Poverty in Vietnam today has a very different face than 20 years ago and there are marked changes in the five years since this poverty monitoring survey began.
Poverty should no longer be looked at only in terms of income. The government poverty line and the total number of those whose income falls below it is a crude measure that does not show some of the other aspects of poverty.
The Oxfam and Action Aid Vietnam poverty monitoring survey looked at 10 dimensions of poverty and showed that education, household assets, food security and access to information have improved the most since 2007.
Access to markets to be able to sell products and buy agricultural materials, agricultural employment, risk management and living conditions such as access to electricity, safe water and latrines have seen limited improvements.
Points of view on poverty should change to recognize that poverty is not only about income, and that there are some groups in Vietnam, most notably ethnic minority people, who face more kinds of poverty than the majority population.
We need to be clear that many many people in Vietnam are still living in poverty, around 20 percent according to government statistics, with a further 16 percent experiencing lives that dip in and out of poverty.
Jobs are very important in poverty reduction. What should we do to generate jobs for local laborers in the context of an increasing number of companies shutting down or narrowing their business?
Whilst jobs in new industries are very important to growth and employment, agriculture remains the most significant source of employment in Vietnam. As the government develops strategies for the rural areas of Vietnam, we recommend that new strategies recognize that small scale farms can offer effective, efficient models of agricultural production, providing both a source of employment and a continued driver of growth.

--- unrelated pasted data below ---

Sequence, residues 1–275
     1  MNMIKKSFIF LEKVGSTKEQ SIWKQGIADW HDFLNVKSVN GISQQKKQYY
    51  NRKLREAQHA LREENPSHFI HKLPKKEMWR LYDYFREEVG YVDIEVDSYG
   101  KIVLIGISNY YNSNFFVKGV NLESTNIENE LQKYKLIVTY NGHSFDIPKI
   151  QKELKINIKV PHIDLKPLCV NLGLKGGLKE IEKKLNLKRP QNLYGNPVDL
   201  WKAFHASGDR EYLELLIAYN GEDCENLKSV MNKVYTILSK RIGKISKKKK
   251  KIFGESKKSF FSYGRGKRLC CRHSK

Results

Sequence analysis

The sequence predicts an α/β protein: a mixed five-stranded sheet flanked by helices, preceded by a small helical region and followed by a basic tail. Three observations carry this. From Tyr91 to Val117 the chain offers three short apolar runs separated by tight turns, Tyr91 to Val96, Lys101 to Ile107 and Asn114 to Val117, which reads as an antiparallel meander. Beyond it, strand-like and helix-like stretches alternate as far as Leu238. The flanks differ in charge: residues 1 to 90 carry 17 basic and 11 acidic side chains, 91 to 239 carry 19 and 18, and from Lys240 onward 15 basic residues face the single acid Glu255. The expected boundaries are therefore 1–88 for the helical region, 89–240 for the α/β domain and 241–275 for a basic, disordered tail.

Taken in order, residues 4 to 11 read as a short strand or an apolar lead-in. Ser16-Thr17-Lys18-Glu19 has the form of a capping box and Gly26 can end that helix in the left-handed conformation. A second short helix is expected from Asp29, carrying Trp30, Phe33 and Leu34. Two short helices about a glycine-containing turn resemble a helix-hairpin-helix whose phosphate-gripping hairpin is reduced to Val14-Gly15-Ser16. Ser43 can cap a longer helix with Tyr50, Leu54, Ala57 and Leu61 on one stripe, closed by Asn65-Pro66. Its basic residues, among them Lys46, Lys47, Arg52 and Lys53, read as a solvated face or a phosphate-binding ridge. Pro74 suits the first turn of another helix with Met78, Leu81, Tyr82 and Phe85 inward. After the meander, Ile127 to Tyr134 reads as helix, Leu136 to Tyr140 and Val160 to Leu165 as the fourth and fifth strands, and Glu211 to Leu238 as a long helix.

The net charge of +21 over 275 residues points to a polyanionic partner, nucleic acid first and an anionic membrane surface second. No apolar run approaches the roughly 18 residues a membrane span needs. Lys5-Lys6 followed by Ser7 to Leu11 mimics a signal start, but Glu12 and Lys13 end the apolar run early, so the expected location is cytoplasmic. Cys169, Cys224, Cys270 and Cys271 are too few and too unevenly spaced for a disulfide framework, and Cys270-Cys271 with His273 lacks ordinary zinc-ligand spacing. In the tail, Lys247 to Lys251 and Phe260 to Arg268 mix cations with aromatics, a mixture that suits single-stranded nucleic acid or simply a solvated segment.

Decisions on the future of land tenure could give farmers the security and control over assets that they can use to innovate and to continue to act as an economic driver.
The current situation of firms reducing their workforces demonstrates that where farmers are leaving the land and moving into other forms of employment, they need an effective safety net of social protection that can provide an income if they lose their job.
How has poverty reduction affected the country's GDP growth?
We are seeing the growth in GDP slowing, but also a shift in how that growth is experienced across the income scale, resulting in a widening inequality. Growth in Vietnam today is becoming rapidly less pro-poor.
What is the best measure to reduce poverty in a stable manner?
The growth model in Vietnam in the past 20 years has done a great deal to help people to get themselves out of poverty. The new context of global economic challenges threatens those successes. Deep and chronic poverty is increasingly linked to exclusion, to a lack of access to opportunities and to an inability to influence public policy.
Meanwhile much of the recent benefits of growth have gone to those at the top of the income distribution table, resulting in fast increasing levels of inequality.
One of the recommendations of the report to tackle the challenge of deep and chronic poverty is to overhaul the current social protection system. At the moment the government of Vietnam commits sizeable budgets to providing financial support to those with low incomes. However, this money is not always reaching those who most need it and as poverty becomes more concentrated, better targeting is needed.
The report recommends core changes to the approach, strategy and delivery of social assistance programs, for example, new innovations, such as direct cash transfers, should be piloted, with a particular focus on food-insecure households and ethnic minority people.
Payment levels need to keep pace with the overall increases in cost of living and graduation mechanisms should be in place to continue to support people as they lift themselves out of poverty.